That's the question that federal and state investigators are asking in the wake of the Kwiatkowski case, which spans eight states and multiple regulatory and accreditation agencies. The story has exposed a patchwork of regulation regarding the accreditation and licensure of allied health workers, a system that's especially unsuited to dealing with the highly mobile workforce that has evolved throughout much of healthcare.
The situation is severe enough that personnel experts are proposing more stringent requirements for testing healthcare workers prior to employment, including the creation of a national database for background checks. But such a database could take years to set up, and in any event might not address an employment environment in which hospitals are reluctant to report on workers who are terminated for ethical lapses that could portend underlying problems, but that aren't severe enough to warrant revocation of a license.
Mysterious hep C infections
The Kwiatkowksi case came to light earlier this year at Exeter Hospital, a small, 100-bed community hospital in New Hampshire, which began experiencing a mysterious outbreak of hepatitis C infections among patients in May. Some 30 patients tested positive for the same strain of the virus.
Investigators eventually traced the outbreak to Kwiatkowski, who had begun working at Exeter Hospital in April 2011 as a traveling technologist in the facility's cardiac catheterization lab; he was converted to full-time employment that October. He was arrested on July 19 by federal investigators at a hotel room in Massachusetts.
Kwiatkowski has been charged with stealing fentanyl syringes intended for patient sedation in the cardiac cath lab and diverting them for his own use. After using the syringes, he allegedly replaced the fentanyl with another liquid, and the contaminated syringes were subsequently used in patients. Exeter Hospital said that while medication vials are kept in a locked machine to which cardiovascular technologists such as Kwiatkowski do not have access, technologists do have access to the angiography lab area itself to participate in, prepare, or observe procedures.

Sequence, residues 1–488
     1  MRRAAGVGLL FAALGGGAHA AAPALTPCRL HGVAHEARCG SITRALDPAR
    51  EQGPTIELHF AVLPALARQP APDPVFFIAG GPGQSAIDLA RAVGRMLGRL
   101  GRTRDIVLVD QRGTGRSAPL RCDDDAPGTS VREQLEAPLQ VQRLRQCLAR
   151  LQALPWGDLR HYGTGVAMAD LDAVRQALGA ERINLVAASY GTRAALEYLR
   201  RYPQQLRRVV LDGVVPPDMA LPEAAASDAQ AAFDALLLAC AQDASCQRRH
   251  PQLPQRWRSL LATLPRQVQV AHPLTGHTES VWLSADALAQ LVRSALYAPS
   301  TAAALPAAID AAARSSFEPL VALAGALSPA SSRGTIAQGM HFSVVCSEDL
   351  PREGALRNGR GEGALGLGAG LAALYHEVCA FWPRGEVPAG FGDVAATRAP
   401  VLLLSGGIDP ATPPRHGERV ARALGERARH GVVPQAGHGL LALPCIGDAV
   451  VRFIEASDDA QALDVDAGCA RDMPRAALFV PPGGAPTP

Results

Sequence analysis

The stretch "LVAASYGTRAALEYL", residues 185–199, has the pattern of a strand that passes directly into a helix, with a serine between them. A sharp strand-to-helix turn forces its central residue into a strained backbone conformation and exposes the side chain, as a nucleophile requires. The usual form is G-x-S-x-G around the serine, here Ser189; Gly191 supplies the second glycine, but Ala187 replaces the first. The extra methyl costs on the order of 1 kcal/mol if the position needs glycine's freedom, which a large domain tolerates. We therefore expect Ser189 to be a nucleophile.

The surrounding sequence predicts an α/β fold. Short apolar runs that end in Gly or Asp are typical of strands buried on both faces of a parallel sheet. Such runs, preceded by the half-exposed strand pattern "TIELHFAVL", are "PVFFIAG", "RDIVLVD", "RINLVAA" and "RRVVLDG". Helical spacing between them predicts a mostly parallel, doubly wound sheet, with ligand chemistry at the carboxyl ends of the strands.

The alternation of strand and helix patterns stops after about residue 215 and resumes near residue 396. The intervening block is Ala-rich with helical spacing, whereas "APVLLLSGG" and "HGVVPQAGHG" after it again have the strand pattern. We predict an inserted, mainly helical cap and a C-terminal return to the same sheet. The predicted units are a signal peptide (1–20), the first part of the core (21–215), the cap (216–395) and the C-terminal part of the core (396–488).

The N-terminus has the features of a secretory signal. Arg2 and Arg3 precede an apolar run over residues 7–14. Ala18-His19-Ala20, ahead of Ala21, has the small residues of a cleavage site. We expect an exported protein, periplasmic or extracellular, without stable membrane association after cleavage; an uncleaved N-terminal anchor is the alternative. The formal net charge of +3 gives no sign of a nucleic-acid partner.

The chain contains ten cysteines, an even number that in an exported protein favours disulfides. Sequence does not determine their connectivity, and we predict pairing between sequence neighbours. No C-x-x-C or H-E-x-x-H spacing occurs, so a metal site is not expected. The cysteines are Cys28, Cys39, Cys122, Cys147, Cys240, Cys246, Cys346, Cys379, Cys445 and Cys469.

According to an affidavit filed in the case, Kwiatkowski was observed leaving the cardiac cath lab during procedures, sweating profusely, and attending procedures on his days off, as well as engaging in other suspicious behavior. One witness claimed that he appeared to be "on something," while another witness claimed to have seen "track marks" on his arms, according to the affidavit.
Kwiatkowski has been charged with multiple counts of patient endangerment, and he faces up to 20 years in prison for allegedly tampering with a consumer product and four years for allegedly obtaining a controlled substance by fraud. Each offense is also punishable by a fine of $250,000.
Meanwhile, Exeter Hospital and other hospitals in as many as eight states where Kwiatkowski worked in the past have launched hepatitis C testing programs for anyone who may have received procedures in areas where he worked. But could the infections have been prevented if Kwiatkowski's behavior had been detected earlier? And are any steps being taken to prevent such outbreaks from happening again?
The questions are especially relevant because the Kwiatkowski case is the second time in two years that a radiologic technologist has been accused of infecting patients with hepatitis C as a result of drug diversion (see sidebar, next page).